By Lamine Chikhi and Hamid Ould Ahmed
ALGIERS (Reuters) – Thousands of students, university professors and health workers rallied in Algiers on Tuesday calling for President Abdelaziz Bouteflika to quit, and a new group headed by activists and opposition figures told the army not to interfere.
In the first direct public message to the generals from leaders emerging from nearly a month of mass protests against Bouteflika, the National Coordination for Change said the military should “play its constitutional role without interfering in the people’s choice”.
Bouteflika, who has ruled for 20 years, bowed to the protesters last week by announcing he would not stand for another term. But he stopped short of stepping down and said he would stay in office until a new constitution is adopted, effectively extending his present term.
His moves have done nothing to halt demonstrations, which peaked on Friday with hundreds of thousands of protesters on the streets of Algiers and have continued into this week.
“We will not stop our pressure until he (Bouteflika) goes,” said student Ali Adjimi, 23. “The people want you to leave”, read a banner. Others shouted “the people and the army are one.”
The 82-year-old president has rarely been seen in public since suffering a stroke in 2013, and protesters say he is too old and frail to rule.
“We are fed up with this system. It must disappear forever,” said Djilali Bahi, a doctor at Tuesday’s demonstration.
So far, soldiers have stayed in their barracks during the protests. But on Monday, Chief of Staff Lieutenant-General Ahmed Gaed Salah hinted at a more active role, saying the army should take responsibility for finding a quick solution to the crisis.
Generals have traditionally wielded power behind the scenes in Algeria but have publicly intervened during pivotal moments, including cancelling an election in the early 1990s that Islamists were poised to win, triggering a decade of civil war.
The protest leaders issued their statement titled “Platform of Change” late on Monday, demanding Bouteflika step down when his term ends on April 28 and the government resign immediately.
“We belong to the people so we are against extending Bouteflika’s fourth term,” said Mohamed Yousfi, head of one of the doctors unions.
Bouteflika’s newly appointed deputy prime minister, Ramtane Lamamra, has launched a tour of allied countries seeking support. He visited Moscow on Tuesday, where Foreign Minister Sergei Lavrov said Russia, a close military ally of Algeria, was concerned about attempts to destabilize the situation.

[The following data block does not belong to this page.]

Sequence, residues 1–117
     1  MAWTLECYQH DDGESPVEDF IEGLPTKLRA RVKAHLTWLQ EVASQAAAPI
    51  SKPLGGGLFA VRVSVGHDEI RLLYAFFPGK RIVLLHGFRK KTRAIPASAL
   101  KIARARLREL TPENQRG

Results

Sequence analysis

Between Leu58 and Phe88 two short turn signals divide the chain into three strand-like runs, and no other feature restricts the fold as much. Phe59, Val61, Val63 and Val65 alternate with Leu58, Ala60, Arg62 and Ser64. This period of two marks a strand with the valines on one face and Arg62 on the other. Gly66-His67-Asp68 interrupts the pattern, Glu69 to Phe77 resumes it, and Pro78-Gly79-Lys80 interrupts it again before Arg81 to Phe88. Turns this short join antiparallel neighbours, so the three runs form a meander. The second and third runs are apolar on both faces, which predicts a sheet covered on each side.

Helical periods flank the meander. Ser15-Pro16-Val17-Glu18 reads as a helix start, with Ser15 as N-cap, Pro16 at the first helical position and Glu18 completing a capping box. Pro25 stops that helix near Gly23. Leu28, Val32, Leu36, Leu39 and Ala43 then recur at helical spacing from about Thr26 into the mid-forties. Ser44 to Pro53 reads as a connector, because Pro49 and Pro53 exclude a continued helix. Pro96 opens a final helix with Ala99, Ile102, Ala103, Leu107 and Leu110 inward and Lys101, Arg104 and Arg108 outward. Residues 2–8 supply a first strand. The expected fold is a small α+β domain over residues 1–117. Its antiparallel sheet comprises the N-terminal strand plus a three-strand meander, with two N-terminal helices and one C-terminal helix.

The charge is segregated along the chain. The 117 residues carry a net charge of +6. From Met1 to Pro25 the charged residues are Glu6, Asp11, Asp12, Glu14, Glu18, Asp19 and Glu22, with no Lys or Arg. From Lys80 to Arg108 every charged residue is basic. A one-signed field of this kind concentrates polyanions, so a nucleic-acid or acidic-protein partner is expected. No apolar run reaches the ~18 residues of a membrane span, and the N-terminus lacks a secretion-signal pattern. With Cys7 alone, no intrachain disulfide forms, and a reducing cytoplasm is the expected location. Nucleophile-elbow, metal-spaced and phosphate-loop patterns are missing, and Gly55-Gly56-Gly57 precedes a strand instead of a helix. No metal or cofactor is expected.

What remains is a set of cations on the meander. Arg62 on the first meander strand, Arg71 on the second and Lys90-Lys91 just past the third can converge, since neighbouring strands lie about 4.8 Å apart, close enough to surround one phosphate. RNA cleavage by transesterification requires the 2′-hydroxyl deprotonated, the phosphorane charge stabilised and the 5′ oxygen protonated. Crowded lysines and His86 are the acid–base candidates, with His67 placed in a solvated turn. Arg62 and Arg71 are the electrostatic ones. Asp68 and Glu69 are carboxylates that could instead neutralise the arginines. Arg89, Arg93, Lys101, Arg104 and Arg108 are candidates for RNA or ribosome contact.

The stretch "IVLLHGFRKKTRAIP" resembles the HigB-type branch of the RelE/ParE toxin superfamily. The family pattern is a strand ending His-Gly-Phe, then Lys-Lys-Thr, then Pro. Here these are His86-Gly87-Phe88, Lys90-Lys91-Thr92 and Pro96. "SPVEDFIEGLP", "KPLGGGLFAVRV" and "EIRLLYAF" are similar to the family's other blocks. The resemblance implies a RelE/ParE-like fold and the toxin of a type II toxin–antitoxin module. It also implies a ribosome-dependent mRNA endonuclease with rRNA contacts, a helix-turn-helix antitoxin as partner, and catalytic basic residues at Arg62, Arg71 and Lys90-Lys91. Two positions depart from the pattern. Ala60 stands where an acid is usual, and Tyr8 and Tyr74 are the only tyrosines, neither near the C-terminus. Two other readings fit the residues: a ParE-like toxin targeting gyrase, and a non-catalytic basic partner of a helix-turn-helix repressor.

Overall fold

Lamamra defended the government’s reform proposals. Bouteflika has agreed to hand over power to an elected president, and the opposition will be allowed to take part in the cabinet that will oversee elections, he said.
For years, rumors have swirled about potential successors to Bouteflika, but no one credible has emerged who has the backing of the army and elite and is not in their 70s or 80s.
Protesters have been calling for a generation of new leaders to replace a ruling elite dominated by the military, businessmen and veterans of the 1954-1962 independence war against France.
In their statement, the protest leaders made veiled references to two figures: Bouteflika’s powerful younger brother Said, and the president’s friend Lakhdar Brahimi, a veteran Algerian U.N. diplomat named by Bouteflika to chair a conference to develop a new political landscape.
“The Algerian people will not accept any approach that will tend to extend the current system, whether from the ‘brother’ entourage or the ‘friend’,” the protest leaders said.
Algerian authorities have long been adept at manipulating a weak and disorganized opposition. But the mass demonstrations have emboldened well-known figures to lead the reform drive.
Prominent members of the new group include lawyer and activist Mustapha Bouchachi, opposition leader Karim Tabou and former treasury minister Ali Benouari.
They also include Mourad Dhina and Kamel Guemazi, former members of the banned Islamic Salvation Front (FIS), the Islamist party whose annulled election victory led to the 1990s insurgency. A possible role for Islamists in any future government is one of the issues that could divide the public and potentially provoke the military to intervene.
Hardline Islamists have largely been excluded from public life since the war. More moderate Islamist groups are active but ideologically divided.
Zoubida Assoul, leader of a small political party, is the only woman in the group so far.
“Bouteflika just trampled on the constitution after he decided to extend his fourth term,” said the National Coordination for Change.
With memories of the 1990s civil war which cost an estimated 200,000 lives, many Algerians have long prioritized stability.
Bouteflika survived the 2011 “Arab Spring” that toppled other Arab leaders. But with the economy souring and the youth less fearful of change, he has struggled to placate Algerians.
(Additional reporting by Maria Tsvetkova in Moscow; Writing by Michael Georgy; Editing by Peter Graff, William Maclean)